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Brown bill expanding vaccine access for vets and families passes Senate

WASHINGTON, D.C. — The Senate unanimously passed bipartisan legislation introduced by U.S. Sen. Sherrod Brown, D-Ohio, a member of the Senate Veterans’ Affairs Committee, as well as Senate Veterans’ Affairs Committee Chairman Jon Tester, D-Montana, U.S. Sen. John Boozman, R-Arkansas, Senate Veterans’ Affairs Committee Ranking Member Jerry Moran, R-Kansas, and U.S. Sen. Richard Blumenthal, D-Connecticut, to expand COVID-19 vaccine eligibility to veterans and their families under the Department of Veterans Affairs.

“This is great news for veterans, their families and caregivers,” Brown said in a news release. “As we work to vaccinate all Ohioans and get the COVID-19 pandemic under control, we must ensure that our veterans can access the vaccine easily and for free. I am proud to be part of the Senate’s unanimous passage of this bill and expect the House to pass it swiftly.”

The senators’ Strengthening and Amplifying Vaccination Efforts to Locally Immunize all Veterans and Every Spouse (SAVE LIVES) Act would allow VA to provide no-cost COVID vaccination services to all veterans, veteran spouses, caregivers and Civilian Health and Medical Program of the Department of Veterans Affairs recipients to the extent that such vaccines are available. It also urges the U.S. Department of Health and Human Services to adjust VA’s vaccine allocation based on this increased eligibility pool, as much as the supply chain allows.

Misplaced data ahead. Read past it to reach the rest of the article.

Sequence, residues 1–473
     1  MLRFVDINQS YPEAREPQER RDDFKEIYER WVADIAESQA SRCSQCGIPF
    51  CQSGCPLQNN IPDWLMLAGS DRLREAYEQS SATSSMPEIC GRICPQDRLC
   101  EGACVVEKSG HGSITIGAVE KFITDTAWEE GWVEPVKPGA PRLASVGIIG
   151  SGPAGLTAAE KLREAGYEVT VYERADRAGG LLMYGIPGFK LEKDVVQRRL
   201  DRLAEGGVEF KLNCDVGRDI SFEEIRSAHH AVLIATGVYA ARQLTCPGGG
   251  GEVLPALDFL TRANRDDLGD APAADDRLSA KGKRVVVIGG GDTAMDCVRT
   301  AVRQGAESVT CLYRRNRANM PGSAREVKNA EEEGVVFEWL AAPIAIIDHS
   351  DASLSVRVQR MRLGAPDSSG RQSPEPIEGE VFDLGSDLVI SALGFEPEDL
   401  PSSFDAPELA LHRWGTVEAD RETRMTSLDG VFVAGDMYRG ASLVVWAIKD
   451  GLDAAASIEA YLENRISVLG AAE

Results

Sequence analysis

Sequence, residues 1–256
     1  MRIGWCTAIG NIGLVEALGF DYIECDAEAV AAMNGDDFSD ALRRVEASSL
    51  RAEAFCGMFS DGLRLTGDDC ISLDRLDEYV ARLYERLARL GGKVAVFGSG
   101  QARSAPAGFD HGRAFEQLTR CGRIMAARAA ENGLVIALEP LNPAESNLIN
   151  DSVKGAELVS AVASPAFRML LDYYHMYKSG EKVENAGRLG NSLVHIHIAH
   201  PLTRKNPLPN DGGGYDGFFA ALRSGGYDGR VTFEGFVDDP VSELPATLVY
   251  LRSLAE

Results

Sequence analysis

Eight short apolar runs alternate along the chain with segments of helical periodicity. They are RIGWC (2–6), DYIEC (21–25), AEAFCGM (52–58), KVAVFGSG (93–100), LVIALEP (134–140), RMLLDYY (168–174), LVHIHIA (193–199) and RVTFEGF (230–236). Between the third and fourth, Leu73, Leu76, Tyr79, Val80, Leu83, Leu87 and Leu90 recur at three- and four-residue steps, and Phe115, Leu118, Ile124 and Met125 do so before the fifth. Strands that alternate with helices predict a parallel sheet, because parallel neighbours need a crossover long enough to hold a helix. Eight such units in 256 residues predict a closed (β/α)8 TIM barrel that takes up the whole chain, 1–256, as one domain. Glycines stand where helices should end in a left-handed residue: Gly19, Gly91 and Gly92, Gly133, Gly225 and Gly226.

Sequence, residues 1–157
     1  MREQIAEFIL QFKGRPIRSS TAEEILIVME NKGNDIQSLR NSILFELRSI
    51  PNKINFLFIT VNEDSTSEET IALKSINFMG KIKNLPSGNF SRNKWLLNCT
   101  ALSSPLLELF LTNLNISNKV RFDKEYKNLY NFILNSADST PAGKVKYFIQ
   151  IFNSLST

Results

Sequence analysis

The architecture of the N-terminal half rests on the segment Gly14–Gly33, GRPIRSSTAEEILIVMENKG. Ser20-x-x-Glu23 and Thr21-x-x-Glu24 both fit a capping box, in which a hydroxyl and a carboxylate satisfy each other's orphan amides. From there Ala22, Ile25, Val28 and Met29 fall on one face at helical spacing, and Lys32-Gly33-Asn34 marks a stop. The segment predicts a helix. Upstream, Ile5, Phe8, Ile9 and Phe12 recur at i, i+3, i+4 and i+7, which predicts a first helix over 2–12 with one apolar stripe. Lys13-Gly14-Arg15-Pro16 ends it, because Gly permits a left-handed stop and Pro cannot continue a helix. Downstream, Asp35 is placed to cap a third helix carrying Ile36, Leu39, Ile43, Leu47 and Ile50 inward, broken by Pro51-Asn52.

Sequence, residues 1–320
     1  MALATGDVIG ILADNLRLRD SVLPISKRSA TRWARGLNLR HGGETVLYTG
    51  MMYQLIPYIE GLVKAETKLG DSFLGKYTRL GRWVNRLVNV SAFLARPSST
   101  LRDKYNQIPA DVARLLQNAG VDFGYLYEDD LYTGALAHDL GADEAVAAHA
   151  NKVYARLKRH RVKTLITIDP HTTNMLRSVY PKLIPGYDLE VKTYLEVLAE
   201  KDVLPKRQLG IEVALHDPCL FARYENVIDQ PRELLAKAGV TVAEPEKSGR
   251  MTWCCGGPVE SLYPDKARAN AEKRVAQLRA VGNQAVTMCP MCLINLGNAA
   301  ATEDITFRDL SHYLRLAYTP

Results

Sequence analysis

The SAVE LIVES Act will expand VA’s authority to provide vaccines to:

• Veterans who are not eligible for enrollment in VA’s health care system, including veterans without compensable service-connected disabilities and veterans who have incomes above a certain threshold;
• Caregivers of veterans who are enrolled in various VA home-based and long-term care programs;
• Veterans living abroad who rely on the Foreign Medical Program;
• Spouses of veterans; and
• CHAMPVA recipients (spouses or children of permanently and totally disabled veterans or of veterans who have died from service-connected disabilities).

Earlier this month, Brown reintroduced bicameral legislation to allow children of disabled veterans to remain eligible for VA health care until they are 26 years old — the same coverage required under the Affordable Care Act for private-sector insurance plans, as well as the military’s TRICARE program.

The lawmakers first introduced the CHAMPVA Children’s Protection Act in April 2019, and are hopeful the legislation will pass with both the Senate and House majority.